EMPLOYEE HANDBOOK ALERT: Take Note of New NLRB Social Media Rulings
We’ve blogged about having a clear social media policy in your company handbook before, but two recent National Labor Relations Board (NLRB) rulings have made the issue important to revisit.
In a case involving Costco Wholesale Corporation’s policy prohibiting employees from damaging the company’s or an individual’s reputation via social media outlets, NLRB ruled that “overly broad” policies are unlawful if they restrict employees’ right to engage in “concerted activities” for the purpose of collective bargaining or for the purposes of mutual aid or protection.
Don’t forget good ol’ section 7, folks!
Not long after the Costco ruling, the NLRB ruled on a similar case against Knauz BMW of Chicago where the company had included its employee handbook a policy that stated that, as part of it’s courtesy policy, all employees are expected to be courteous, polite and friendly to our customers, vendors and suppliers, or fellow workers, as well as refrain from the use of profanity or any other language which injures the image or reputation of the Dealership.
Sounds pretty clearly stated, right? Well, the NLRB didn’t think so. Seems that the policy did not specifically state that the rule didn’t apply to Section 7 activity under the National Labor Relations Act (NLRA), which protects the rights of workers to engage in concerted activities to discuss their wages and working conditions with each other, and the right to collectively bargain.
What does this mean for business owners and HR managers?
Generally speaking, the NLRB ruled that companies cannot inhibit employees from criticizing the working conditions or management via social media, but that they can still prohibit activity that is damaging, offensive, threatening, intimidating, coercing, interfering with other workers, or that are slanderous or detrimental to the company or any of the company’s employees. Cases of defamation, where employees publish or make spoken statements that are intentionally false and injure another’s reputation or good name, are not protected by the NLRB rulings and can still be brought to court. Employees do, however, have a right to use social media sites to discuss their wages and working conditions with each other and to join together to try to improve them.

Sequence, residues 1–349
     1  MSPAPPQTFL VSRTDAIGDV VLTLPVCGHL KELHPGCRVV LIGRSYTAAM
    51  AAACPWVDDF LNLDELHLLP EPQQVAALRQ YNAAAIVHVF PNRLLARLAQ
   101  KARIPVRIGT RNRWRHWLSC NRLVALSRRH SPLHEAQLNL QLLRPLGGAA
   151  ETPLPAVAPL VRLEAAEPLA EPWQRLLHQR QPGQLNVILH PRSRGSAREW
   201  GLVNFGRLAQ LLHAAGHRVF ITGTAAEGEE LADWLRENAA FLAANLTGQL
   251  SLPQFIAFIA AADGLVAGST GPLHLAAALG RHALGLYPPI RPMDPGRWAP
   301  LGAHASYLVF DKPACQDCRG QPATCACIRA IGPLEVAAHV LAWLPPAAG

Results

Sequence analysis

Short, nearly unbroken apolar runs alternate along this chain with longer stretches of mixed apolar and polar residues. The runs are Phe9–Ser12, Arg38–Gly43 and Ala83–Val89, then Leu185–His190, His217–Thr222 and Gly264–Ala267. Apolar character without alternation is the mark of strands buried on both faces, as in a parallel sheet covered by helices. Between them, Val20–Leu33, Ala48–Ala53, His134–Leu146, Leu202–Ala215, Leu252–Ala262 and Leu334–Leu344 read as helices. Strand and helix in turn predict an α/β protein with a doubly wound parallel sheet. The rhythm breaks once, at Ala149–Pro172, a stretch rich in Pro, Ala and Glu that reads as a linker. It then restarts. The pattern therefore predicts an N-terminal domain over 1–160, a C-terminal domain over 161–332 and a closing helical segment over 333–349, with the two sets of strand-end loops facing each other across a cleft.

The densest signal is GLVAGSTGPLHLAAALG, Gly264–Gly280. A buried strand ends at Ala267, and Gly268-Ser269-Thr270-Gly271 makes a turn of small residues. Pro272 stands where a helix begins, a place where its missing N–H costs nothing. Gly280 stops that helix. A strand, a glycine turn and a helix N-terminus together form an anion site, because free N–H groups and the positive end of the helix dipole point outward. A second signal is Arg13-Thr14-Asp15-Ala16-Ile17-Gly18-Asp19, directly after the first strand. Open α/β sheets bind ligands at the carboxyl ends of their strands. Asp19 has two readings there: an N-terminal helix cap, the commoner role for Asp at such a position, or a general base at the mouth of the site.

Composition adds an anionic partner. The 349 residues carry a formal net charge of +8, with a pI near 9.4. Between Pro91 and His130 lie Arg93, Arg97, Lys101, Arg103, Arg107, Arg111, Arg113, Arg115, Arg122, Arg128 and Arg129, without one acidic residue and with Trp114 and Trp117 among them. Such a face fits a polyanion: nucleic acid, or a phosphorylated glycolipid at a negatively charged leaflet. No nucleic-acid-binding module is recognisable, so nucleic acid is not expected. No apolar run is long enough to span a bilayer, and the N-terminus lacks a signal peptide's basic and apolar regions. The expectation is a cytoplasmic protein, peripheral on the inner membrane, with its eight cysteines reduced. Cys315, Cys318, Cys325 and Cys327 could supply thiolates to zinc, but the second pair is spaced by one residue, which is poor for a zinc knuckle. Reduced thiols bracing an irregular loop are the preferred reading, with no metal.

“Unfortunately, the NLRB rulings still leave many employers struggling to find a way to create social media policies that comply and still protect the name and reputation of their businesses,” says Kelly Coblentz, PHR, hireVision’s Director of HR Partnering Services. “What these cases do show is that your employee handbook is now even more important. The key is developing and updating your policies to incorporate guidance received from case law and regulatory changes. Plus, you will have employee signatures showing that they have received and are aware of these policies.”
How about some handbook help?
hireVision creates customized employee handbooks as one of our many HR DirectLink services. These are not your grandfather’s handbooks—we know yours must be a clear representation of your unique organization. We are experts at putting together well-written, up-to-date handbooks that you will be proud to distribute and that will go a long way in improving employee relations. We comprehensibly outline your expectations, policies and legal obligations as an employer, and we also make certain your employees’ commitments and rights are spelled out in clear and easy to read terms.
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